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Music Adults Will Love

When choosing material for an adult student, first consider whether the piece will sound good played slowly.

Most adults practice new pieces at a slow tempo for quite a while. Sometimes they never gain the facility to play a piece at what might be considered ‘”up to tempo.” If the piece is full of passing dissonances that might sound like wrong notes, adults often become confused and aren’t sure whether they’re playing it correctly.

Next, look for emotional depth.

Does this piece say something complex enough to sustain an adult’s interest through the sometimes-lengthy learning process? One of my students, Sandy, a successful microbiologist, explained, “I don’t want to play pieces that I can imagine a little kid playing. I don’t want anything playful. I want something with real emotional depth. I’m attracted to pieces in minor keys because they stir up more turbulent emotions.” Adult students look for something that reflects their own emotional maturity. I search for pieces that appeal to my own emotions. I screen for details like melodies with unusual intervals and harmonies that use suspensions and rich chords.

Here are some pieces that have worked well for my adult students. 

I’ve had great success with Simply Porter, a collection of Cole Porter favorites arranged cleverly-arranged by Dan Coates. My student Judith, (who happens to be the Dean of the School of Education at UC Berkeley – a very sophisticated learner) loved learning these pieces. She’d always loved Cole Porter and was thrilled to find some arrangements that sounded great and weren’t too hard. She’d previously bought a huge Cole Porter book and was disappointed that the arrangements were just too difficult for her. She also enjoyed learning No Worries by Melody Bober, a lightly jazzy, optimistic three-page piece of fun.

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Streabbog: The Orphan 

The continuous eighth notes in the left hand support the melody in the right hand. The melody is soulful without being sentimental. The left hand is written so that blocking the chords isn’t too challenging. It has enough emotional content and interest to keep an adult satisfied throughout the learning process. This piece can be found in Piano Etudes Level 5 – one of the most useful books I’ve taught. I can’t keep enough copies of this perfect collection of early intermediate etudes in my stock. It’s also included in the Essential Piano Repertoire Volume Five.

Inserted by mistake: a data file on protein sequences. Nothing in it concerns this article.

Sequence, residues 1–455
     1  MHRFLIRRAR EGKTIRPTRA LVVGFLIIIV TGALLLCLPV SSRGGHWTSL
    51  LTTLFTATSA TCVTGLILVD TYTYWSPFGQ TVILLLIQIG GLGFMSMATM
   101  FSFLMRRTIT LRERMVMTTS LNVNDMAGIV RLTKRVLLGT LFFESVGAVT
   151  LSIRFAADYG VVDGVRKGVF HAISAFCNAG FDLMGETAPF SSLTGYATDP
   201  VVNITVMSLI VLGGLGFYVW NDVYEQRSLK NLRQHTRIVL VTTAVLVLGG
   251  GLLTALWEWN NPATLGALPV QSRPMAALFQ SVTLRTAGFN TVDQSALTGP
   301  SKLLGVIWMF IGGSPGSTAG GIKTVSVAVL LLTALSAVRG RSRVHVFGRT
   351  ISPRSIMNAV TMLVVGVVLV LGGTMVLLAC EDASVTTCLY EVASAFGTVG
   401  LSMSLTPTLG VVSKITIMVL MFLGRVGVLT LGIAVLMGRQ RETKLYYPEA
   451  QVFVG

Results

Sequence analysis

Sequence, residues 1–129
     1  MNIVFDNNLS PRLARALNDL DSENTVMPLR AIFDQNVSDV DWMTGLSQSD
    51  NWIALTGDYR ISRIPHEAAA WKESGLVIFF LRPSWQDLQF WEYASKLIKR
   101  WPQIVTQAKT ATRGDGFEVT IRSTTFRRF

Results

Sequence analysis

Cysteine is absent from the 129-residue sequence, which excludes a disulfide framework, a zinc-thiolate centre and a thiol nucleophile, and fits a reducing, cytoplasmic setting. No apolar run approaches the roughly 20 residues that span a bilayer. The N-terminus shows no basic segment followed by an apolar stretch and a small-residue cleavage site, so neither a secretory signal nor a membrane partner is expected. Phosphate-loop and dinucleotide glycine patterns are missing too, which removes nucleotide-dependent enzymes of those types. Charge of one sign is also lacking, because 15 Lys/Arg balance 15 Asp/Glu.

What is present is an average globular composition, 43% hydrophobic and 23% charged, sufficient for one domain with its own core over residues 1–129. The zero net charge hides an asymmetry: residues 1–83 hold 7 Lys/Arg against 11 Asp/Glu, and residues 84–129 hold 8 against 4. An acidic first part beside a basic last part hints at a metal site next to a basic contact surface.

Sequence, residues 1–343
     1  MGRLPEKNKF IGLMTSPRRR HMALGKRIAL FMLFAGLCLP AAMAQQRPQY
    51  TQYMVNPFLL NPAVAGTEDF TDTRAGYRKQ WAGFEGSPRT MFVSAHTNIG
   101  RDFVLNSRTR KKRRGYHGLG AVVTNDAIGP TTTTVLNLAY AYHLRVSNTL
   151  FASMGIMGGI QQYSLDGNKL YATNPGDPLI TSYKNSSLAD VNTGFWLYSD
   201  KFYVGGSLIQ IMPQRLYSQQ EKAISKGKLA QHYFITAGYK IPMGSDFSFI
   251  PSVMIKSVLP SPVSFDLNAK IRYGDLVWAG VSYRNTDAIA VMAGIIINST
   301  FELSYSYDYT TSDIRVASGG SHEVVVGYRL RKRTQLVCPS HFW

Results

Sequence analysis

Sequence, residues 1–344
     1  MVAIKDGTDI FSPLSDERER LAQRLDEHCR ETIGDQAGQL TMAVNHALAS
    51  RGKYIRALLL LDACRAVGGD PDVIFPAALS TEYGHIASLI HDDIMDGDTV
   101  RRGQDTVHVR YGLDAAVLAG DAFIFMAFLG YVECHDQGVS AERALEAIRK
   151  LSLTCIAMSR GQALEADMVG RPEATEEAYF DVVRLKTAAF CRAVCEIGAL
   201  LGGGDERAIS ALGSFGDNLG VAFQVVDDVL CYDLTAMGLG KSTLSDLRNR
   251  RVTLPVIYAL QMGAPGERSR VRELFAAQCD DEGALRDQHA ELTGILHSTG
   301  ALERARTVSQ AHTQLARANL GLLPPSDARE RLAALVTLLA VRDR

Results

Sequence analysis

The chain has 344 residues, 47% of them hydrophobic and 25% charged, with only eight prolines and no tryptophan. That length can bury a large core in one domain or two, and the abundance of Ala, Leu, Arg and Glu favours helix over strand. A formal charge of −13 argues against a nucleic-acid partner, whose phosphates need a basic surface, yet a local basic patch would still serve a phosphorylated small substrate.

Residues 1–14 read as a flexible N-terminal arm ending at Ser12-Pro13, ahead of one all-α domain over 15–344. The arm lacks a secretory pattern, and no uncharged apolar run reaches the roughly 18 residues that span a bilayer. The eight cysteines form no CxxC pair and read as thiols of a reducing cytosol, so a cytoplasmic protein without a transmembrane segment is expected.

I gave the piece Twilight from Elissa Milne’s Little Peppers to my student Rich, a hip Law Professor from Stanford University. He was thrilled with its cool, jazzy sound. Here’s a little snippet of the piece to give you an idea of its level and flavor. 

He is the student who inspired me to write Still Blue – the first piece in Attention Grabbers Book Three. Here’s my student Leo playing it.

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Quiet Classics is one of the most useful books in my studio. 


  • It’s organized into “sets” so it can be can used for church services, weddings, elegant parties or restaurant gigs. The key-relationships and transitions from piece-to-piece are seamlessly planned.

  • It includes almost all the best-loved classics that adults want to play.

  • I’ve recorded all the pieces and you can download and listen to them for free here.

  • I give a copy of this book to almost every adult student as soon as they reach an early intermediate level. The recordings give them extra help to learn pieces that might otherwise be just beyond their reach.

For total beginners, or adults returning to lessons later in life, Beginning Piano Repertoire and the other books in the series are extremely useful. The presentation is clean and simple, with no art. 

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